With its marked humpback, the Pont Royal (Royal Bridge), remains, with the Pont Neuf (New Bridge), one of the three oldest bridges in Paris. It is listed as a historical monument. It is probably the only bridge in Paris that was not required to link the various districts of the city. None of the roads to which it leads are a direct continuation of the bridge.
On the Right Bank, the bridge meets the Pavillon Flore (Flore Pavilion) and only reaches the Avenue du General Lemonnier after a twisting route. On the Left Bank, the same occurs with the Rue du Bac and the Rue de Beaune. A ferry used to link the two banks of the Seine. In 1632, Barbier built the first wooden bridge also called Saint-Anne, but which the people nicknamed the Pont Rouge (Red Bridge) because of its colour.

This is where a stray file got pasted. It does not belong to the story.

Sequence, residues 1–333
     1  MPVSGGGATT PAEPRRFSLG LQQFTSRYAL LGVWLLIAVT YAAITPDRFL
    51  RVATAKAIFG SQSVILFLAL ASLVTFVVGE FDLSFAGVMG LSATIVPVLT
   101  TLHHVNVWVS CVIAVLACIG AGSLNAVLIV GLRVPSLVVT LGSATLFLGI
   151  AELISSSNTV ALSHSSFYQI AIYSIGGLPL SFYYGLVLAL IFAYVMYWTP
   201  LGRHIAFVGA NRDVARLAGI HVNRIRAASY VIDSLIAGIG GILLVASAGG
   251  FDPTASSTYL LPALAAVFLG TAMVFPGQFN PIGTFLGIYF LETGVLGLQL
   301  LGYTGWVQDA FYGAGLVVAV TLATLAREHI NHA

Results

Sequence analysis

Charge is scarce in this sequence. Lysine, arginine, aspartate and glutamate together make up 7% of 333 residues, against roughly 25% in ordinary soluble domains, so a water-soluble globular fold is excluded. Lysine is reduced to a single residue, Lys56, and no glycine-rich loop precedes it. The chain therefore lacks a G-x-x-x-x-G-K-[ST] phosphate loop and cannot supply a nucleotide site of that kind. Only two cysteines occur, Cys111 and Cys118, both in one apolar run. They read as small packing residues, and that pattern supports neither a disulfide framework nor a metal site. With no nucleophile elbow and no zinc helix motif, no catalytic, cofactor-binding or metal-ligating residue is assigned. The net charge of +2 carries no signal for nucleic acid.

This wooden bridge, for pedestrians and horseriders, who paid a double toll like many others, was burnt down and washed away by the river. After being replaced by a stone structure between 1685 and 1689, under the aegis of Jacques Gabriel, Jules Hardouin-Mansart and Pere Romain, the Pont Royal (Royal Bridge) was entirely financed by Louis XIV. Hence its name. In the 18th century, big Parisian festivals and celebrations were held here. The nautical festival held on the occasion of the marriage of Elisabeth of France and the Infante Philip of Spain attracted 500,000 people to the banks and bridges.
The Pont Royal (Royal Bridge) impressively frames the view of the Bassin du Louvre (Louvre Basin), until then open to the West. It was on this bridge – called National from 1792 to 1804 – that Bonaparte placed the cannons used for the defence of the Tuileries where the Convention and the Comite de Salut Public (Committee of Public Safety) used to sit. On the last stretch of each bank the water level marker that showed the historic low- and high-water marks can be seen. The Mairie de Paris (Paris Town Hall) has decided on major renovation works which will be carried out over a number of years.